Flying High

Overhyped origin stories litter the indie music landscape, but Portland’s folk-pop group Blind Pilot just might have ’em all beat. Lead singer/guitarist Israel Nebeker and drummer Ryan Dobrowski first crossed paths while studying abroad in England, forming a bond busking on city streets. After graduating from the University of Oregon, the duo then hatched a half-baked plan to take a bike trip down the West Coast, an adventure that became Blind Pilot’s genesis. Sweetening the back-story deal, Nebeker and Dobrowski spent a summer recording and writing their ’08 debut album “3 Rounds and a Sound” in an abandoned cannery on the Oregon coast; the following winter, the entire building was washed into the sea.

Since then, thank God, Blind Pilot has enjoyed much smoother sailing. They’ve expanded to a six-person lineup, headlined big-ticket festivals like Sasquatch and Lollapalooza, and morphed into darlings of the NPR set — hell, they even performed on “The David Letterman Show” last month. Folio Weekly caught up with Nebeker to talk about the band’s rapid rise to success, its “pseudo-democratic” songwriting process and the similarities among Singapore, St. Augustine and Sasquatch.

Folio Weekly: Give us the lowdown on how Blind Pilot first came about.

Israel Nebeker: Ryan [Dobrowski] and I did a study abroad program in this surfing town called Newquay, which is a big vacation destination for young tourists, with lots of people playing music on the streets. We started busking there, but we didn’t play together again until we ran into each other in Portland after school. We were both playing in other bands, but for a summer project, we wanted to do a tour by bike. It started as just that, a bike trip, but we thought, “Hey, we could play music [along the route] — that way we wouldn’t have to save up a ton of money before we go.” The idea sounded better and better the more we thought about it, and that was the beginning of the band.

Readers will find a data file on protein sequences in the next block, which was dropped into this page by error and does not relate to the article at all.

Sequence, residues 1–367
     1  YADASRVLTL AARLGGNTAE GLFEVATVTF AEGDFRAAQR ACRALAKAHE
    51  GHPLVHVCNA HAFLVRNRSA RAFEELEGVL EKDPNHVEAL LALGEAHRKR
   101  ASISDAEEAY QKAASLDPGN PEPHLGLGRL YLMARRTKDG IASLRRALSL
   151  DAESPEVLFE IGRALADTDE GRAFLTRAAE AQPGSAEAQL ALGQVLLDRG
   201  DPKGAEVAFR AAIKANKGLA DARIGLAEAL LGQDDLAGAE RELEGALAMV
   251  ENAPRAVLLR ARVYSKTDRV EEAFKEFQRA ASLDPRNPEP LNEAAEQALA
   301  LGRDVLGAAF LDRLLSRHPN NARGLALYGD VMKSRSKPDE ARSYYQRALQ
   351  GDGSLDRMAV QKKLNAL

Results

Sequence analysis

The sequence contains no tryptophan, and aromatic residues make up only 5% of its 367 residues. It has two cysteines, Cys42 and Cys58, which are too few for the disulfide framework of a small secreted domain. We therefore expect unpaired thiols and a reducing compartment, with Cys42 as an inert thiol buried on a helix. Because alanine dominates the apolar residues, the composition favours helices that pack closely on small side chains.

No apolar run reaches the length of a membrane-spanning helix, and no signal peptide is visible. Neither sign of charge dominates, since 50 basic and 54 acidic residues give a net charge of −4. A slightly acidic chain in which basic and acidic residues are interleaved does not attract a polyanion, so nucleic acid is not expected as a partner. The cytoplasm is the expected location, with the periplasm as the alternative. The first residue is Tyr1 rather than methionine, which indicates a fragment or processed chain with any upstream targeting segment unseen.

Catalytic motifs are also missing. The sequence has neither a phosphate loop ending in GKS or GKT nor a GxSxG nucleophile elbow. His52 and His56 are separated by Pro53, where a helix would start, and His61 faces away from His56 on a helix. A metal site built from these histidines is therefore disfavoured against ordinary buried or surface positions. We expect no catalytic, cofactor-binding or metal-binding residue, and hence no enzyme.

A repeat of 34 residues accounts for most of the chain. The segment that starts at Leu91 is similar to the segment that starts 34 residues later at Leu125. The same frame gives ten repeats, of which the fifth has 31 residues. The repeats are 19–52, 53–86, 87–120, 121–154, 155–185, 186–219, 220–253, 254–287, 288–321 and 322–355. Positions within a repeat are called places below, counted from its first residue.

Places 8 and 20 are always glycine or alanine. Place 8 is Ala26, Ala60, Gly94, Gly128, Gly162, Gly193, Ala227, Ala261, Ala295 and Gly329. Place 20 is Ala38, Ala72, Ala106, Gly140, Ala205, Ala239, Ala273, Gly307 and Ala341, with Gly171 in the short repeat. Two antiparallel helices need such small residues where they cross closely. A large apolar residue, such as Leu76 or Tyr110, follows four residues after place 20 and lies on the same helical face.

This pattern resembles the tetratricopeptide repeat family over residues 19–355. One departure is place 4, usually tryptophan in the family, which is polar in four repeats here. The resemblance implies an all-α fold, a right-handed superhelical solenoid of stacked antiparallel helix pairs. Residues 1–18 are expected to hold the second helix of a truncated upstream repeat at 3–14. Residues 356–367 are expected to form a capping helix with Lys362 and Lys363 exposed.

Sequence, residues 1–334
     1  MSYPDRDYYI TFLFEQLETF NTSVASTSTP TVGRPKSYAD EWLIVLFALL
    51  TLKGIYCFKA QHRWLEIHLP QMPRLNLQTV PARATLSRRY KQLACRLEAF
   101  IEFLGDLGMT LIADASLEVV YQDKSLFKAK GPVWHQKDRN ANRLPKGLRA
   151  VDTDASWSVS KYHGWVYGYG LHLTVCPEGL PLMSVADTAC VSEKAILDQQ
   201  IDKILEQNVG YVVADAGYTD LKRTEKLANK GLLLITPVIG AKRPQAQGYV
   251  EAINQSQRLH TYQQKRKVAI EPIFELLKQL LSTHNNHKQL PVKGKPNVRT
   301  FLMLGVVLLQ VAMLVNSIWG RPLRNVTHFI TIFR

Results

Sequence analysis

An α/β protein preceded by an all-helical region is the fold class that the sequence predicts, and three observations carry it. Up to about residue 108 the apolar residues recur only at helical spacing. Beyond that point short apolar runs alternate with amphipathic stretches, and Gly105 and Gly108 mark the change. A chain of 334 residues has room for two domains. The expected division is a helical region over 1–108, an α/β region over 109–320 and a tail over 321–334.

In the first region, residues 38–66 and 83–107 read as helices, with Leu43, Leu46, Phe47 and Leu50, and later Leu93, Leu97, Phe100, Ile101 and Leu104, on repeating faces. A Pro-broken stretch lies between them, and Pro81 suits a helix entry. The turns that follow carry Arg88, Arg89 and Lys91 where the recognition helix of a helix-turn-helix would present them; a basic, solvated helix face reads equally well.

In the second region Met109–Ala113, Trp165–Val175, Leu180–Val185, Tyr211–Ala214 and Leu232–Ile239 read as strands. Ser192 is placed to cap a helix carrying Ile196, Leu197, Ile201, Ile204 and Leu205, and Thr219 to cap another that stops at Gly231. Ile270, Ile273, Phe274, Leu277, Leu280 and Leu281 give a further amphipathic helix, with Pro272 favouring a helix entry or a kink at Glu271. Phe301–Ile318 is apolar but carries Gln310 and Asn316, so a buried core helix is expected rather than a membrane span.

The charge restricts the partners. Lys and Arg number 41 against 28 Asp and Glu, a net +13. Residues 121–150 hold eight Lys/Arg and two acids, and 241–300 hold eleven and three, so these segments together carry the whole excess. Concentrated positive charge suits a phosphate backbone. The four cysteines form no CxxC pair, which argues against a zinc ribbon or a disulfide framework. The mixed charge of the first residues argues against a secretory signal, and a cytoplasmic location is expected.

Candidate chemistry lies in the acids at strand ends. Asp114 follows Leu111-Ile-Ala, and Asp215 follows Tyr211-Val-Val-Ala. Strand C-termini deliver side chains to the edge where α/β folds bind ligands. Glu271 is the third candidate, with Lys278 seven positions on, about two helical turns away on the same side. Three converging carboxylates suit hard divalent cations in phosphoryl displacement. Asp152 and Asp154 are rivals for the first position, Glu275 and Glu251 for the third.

F.W.: Was the trip a life-changing experience or what?

I.N.: You said it all right there. I think it really solidified what we were trying to do with our music. We were playing in lots of out-of-the-way places, meeting people that never had bands coming through their towns, so we made lots of personal connections that way. The music became more significant, too; when you’re constantly in motion every day, your whole life takes on this metaphorical value. You get up and pedal, and it’s liberating to look back at your trailer that has everything you need. You’re not sure what you’re going to see or do that day, but you’re moving forward.

F.W.: Blind Pilot has toured in the past as a four-piece, a nine-piece and even an 11-piece unit. How do you determine who’s going to perform with you on any given night?

I.N.: Really by whoever’s available. We had a lot of people record on the first album, so we just invited everybody to play the CD release show. That went really well, so we said, “Let’s just keep playing with these 11 members in Portland.” When we started touring after that, only six of us could make it, and from that point, it’s been steady, the same six people.

F.W.: On your debut album, you handled all the songwriting. Were things different on last year’s follow-up, “We Are the Tide”?

I.N.: I still do all the songwriting, but it’s kind of a pseudo-democratic thing. Ryan and I still make the final calls, but we do things together as far as the instrumentation and orchestration of everything. With six people, sometimes you step on each other’s toes, so we sit down in the same room and find ways to help each other.

F.W.: The band’s all over the map over the next few months: St. Augustine, Singapore, and then a ton of big festivals. Are you excited, looking forward to such touring variety?

I.N.: I’m unbelievably stoked to go to Singapore; I’ve never been to that part of the world, and I can’t think of a better way to travel than through music. As for Florida, we’ve played in Orlando and Tampa, but we’ve never been to St. Augustine — I’ve wanted to go to that city for years. And then the festivals, Sasquatch especially … that’s such a beautiful spot out there, on the same river, the Columbia, that I grew up on. So, yeah, that feels very much like home.

Nick McG

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